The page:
Contracting with the NHS: HealthTech considerations
Comparative to how the business might approach other targets such an analysis might throw up, the route to contracting with the NHS is quite unique.
For any HealthTech business looking to enter the market in England, whether that is to supply hardware (such as wearables), software (such as apps or entire operating systems) or data analytical tools, any market analysis will in all probability identify ‘the NHS’ as a key target for revenue generation. Comparative to how the business might approach other targets such an analysis might throw up, the route to contracting with the NHS is quite unique.
‘The NHS’ is comprised of numerous bodies, each with their own autonomy to procure goods and services, predominantly at their discretion, and the bargaining power that comes with being part of a wider system. With that comes an ability to dictate certain commercial terms, as well as the form of contract entered into, with NHS England’s suite of standard contracts largely forming the foundation of most dealings (mandatorily in many cases) for the sake of consistency across bodies.
Putting commercial provisions aside which, like in most transactions, remain up for negotiation within the parameters of each party’s position of strength, suppliers should not expect to be able to materially negotiate the contract’s ‘standard’ provisions. The NHS contracts in this way for a number of reasons, including for efficiency, and many (if not most) NHS bodies will not entertain diverting resource to negotiating the tried and tested, even on the occasions where they have scope to do so. As a consequence, suppliers need to be prepared to comply with obligations that they would not ordinarily expect to see in their dealings with the independent sector such as:
- Evidencing compliance with the relevant regulatory framework or standards, be that Medical Device Regulations, Data Coordination Board Standards, CQC registration, ISO27001 or otherwise from the off;
- In-depth provisions around information governance and the need for compliance with the NHS’s Information Governance toolkit (a tool for the supplier to assess itself against the Department of Health’s policies and standards);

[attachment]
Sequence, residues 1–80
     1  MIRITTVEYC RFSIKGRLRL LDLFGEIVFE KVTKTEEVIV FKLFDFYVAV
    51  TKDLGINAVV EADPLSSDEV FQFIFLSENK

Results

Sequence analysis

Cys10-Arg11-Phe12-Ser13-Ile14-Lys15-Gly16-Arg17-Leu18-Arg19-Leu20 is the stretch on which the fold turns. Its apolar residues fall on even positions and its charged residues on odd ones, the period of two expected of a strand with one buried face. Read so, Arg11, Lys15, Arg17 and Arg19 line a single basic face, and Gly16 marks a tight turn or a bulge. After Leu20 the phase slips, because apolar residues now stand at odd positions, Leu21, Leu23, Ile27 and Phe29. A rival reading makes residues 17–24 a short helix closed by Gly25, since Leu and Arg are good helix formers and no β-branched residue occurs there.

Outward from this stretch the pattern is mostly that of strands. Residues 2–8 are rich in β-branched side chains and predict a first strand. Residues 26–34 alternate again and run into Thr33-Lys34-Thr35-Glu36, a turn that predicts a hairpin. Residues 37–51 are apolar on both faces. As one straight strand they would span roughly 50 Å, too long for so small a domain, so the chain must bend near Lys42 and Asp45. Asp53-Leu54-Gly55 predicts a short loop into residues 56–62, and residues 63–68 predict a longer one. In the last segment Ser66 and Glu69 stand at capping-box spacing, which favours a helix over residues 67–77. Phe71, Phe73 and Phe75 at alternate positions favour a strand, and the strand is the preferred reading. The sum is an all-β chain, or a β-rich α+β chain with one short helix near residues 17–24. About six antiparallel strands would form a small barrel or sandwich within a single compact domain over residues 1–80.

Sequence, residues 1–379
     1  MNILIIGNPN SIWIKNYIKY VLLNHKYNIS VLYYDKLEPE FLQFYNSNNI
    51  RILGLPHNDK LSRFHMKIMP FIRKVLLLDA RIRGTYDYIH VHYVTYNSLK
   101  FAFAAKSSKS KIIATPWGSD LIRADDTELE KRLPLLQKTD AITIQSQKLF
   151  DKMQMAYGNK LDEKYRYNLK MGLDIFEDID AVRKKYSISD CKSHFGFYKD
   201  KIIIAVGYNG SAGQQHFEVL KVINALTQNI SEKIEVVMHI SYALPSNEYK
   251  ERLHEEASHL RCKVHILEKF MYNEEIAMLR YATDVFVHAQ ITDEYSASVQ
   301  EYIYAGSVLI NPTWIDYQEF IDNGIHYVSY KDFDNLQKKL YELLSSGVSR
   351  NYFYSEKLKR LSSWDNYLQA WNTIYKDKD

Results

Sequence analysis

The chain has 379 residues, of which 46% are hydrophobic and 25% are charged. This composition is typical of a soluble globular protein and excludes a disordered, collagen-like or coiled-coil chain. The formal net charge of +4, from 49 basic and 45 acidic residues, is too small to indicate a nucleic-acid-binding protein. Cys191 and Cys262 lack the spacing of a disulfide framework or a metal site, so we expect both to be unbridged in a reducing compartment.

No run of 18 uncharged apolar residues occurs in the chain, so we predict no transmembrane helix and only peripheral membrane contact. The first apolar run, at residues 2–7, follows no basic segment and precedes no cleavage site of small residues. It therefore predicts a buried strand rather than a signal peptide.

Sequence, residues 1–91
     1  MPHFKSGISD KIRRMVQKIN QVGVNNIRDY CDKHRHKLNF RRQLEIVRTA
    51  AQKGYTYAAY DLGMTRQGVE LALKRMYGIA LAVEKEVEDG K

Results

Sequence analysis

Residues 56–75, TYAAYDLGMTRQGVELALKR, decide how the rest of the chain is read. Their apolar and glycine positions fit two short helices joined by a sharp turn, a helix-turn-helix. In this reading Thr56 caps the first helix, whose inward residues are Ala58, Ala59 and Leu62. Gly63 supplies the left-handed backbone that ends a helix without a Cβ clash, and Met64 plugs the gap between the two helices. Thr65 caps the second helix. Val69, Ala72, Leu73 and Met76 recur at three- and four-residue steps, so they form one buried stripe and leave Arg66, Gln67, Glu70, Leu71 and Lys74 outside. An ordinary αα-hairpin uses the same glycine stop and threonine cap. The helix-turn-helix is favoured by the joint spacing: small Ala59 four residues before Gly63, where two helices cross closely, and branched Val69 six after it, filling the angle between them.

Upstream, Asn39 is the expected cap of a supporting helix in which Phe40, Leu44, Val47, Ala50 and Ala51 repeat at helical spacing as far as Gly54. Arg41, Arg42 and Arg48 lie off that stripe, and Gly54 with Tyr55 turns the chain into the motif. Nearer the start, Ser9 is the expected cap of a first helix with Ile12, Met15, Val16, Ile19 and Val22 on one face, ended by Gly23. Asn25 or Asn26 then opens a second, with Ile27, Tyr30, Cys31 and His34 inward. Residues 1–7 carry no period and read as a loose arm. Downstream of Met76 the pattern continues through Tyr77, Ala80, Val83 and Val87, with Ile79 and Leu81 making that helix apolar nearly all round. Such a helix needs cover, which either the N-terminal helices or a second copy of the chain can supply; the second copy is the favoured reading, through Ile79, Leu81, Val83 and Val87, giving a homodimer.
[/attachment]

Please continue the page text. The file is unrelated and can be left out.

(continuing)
- Accessibility to information as a consequence of the NHS body’s freedom of information obligations;
- An expectation that the supplier’s workforce will conduct itself in a manner consistent with the values outlined in the NHS Constitution; and
- Having in place a complaints policy that is consistent with the NHS body’s own obligations under the Local Authority Social Services and National Health Service Complaints (England) Regulations 2009.
It would also be sensible for HealthTech suppliers to take a look at:
- NHSX’s Digital Technology Assessment Criteria for Health and Social Care (DTAC) from February 2021 – this sets the baseline criteria for digital health technologies (DHTs) being supplied into the NHS and social care; and
- The National Institute for Health and Care Excellence (NICE) evidence standard framework for DHTs issued in March 2019, along with its nuanced guidance for DHTs incorporating AI where applicable - this outlines the evidence that the supplier should be capable of making available or producing to demonstrate their products’ value in the UK health and care system and this serves as a useful checklist for suppliers to ensure any initial hurdles to accessing the NHS market and they make their approach to the relevant bodies at the right time.
Contact Clare Auty or Joel Nixon to discuss how we can help you.